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A version of this chapter appears in the Handbook of Resilience in Children edited - page 9 / 18

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R. Brooks:  The Power of Parenting                                                                              

child.  The late psychologist Julius Segal referred to that person as a “charismatic adult,” an adult from whom a child “gathers strength” (Segal, 1988).  One must never underestimate the power of one person to redirect a child toward a more productive, successful, satisfying life.  

Parents, keeping in mind the notion of a charismatic adult, might ask each evening, “Are my children stronger people because of the things I said or did today or are they less strong?”  Certainly, Mr. Burton yelling at his son Michael when the latter had difficulty completing a radio kit or Mr. and Mrs. Carter questioning Sally each day if she had initiated conversations with classmates were actions that diminished their children’s emotional well-being.  Neither Michael nor Sally was likely to gather strength when confronted with their parents’ statements and questions.

Unconditional love, which we will discuss in greater detail in the next guidepost, is an essential feature that charismatic adults bestow on children.  If children are to develop a sense of security, self-worth, and self-dignity, they must have people in their lives who demonstrate love not because of something they accomplish but because of their very existence.  When such love is absent, it is difficult to develop and fortify a resilient mindset.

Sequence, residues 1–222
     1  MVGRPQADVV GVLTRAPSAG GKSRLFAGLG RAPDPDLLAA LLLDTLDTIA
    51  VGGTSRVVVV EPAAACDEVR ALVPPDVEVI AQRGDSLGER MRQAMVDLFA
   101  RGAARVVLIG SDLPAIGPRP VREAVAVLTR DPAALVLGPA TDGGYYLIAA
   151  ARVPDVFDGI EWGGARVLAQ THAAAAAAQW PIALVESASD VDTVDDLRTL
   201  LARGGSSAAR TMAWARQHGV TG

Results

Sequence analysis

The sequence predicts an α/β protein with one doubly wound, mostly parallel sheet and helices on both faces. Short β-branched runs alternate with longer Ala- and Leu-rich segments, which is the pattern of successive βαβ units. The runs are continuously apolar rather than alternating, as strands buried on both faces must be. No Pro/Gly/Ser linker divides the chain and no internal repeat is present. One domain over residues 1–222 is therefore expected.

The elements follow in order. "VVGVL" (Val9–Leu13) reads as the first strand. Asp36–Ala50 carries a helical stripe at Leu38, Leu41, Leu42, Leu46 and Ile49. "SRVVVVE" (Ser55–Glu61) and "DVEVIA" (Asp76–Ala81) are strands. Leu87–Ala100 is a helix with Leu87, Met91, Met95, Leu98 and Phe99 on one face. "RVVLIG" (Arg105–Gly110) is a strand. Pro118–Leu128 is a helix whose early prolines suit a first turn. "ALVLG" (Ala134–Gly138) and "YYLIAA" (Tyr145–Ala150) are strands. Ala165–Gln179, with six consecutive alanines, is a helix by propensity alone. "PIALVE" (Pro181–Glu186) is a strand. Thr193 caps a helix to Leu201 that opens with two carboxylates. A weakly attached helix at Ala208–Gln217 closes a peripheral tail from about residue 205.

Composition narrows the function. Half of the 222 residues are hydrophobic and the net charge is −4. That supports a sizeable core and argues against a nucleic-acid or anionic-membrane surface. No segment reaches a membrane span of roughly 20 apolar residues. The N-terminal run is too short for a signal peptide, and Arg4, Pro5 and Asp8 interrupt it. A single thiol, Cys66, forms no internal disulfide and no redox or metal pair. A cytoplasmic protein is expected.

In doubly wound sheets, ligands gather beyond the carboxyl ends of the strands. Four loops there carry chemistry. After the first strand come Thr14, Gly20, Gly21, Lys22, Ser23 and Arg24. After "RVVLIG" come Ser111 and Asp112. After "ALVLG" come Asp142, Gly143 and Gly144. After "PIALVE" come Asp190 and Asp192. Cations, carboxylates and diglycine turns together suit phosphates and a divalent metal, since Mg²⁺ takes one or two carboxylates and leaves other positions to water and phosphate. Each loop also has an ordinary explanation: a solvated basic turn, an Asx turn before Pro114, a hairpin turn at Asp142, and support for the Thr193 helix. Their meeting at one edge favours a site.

When I have asked adults to recall a favorite occasion from their childhood when their parents served as a charismatic adult for them, one of the most common memories involved doing something pleasant and alone with the parent.  One man described having his father’s “undivided attention.”  He said, “My father really listened to me when

no one else was around and we could talk about anything.  It was tougher to do when my older sister and younger brother were also there.”     

Similarly, a woman said, “I loved bedtime when my mother or father read me a story.  If my mother was reading to me, my father was reading to my brother.  If my father was reading to me, my mother was reading to my brother.”  With a smile, this woman added, “Don’t get me wrong, I loved my brother and I enjoyed when we did things as a family, but I think I felt closest to my parents when I did something alone with each.  My husband and I do the same things with our kids today.”  

The power of “special times,” poignantly captured in the words of this man and woman, are recalled by many adults.  It is recommended that parents create these times in the lives of their children.  Parents of young children might say, “When I read to you or play with you, it is so special that even if the phone rings I won’t answer it.”  One young child said, “I know my parents love me.  They let the answering machine answer calls when they are playing with me.”  

When children know that they will have a time alone with each parent, it helps to lessen sibling rivalry and vying for the parent’s undivided attention.  A parent of six children asked at a workshop, “Is it possible to create special moments with each child when you have six.”  The answer is that it is more difficult with six than with two children in the household, but it is still possible.  It requires more juggling, but if these times result in children feeling special in the eyes of their parents, the struggle to juggle one’s schedule is worth the effort.  As Pinker (2002) advised, “If for no other reason, parents should treat their children well to allow them to grow up with such memories” (p. 399).

Children are very sensitive if a parent is not present at their birthday, at a holiday, at their first Little League game, or at a talent show.  In today’s fast-paced world many parents work long hours and travel and thus, it is likely they may miss some of their children’s special moments, but these absences should be kept to a minimum.  One adult

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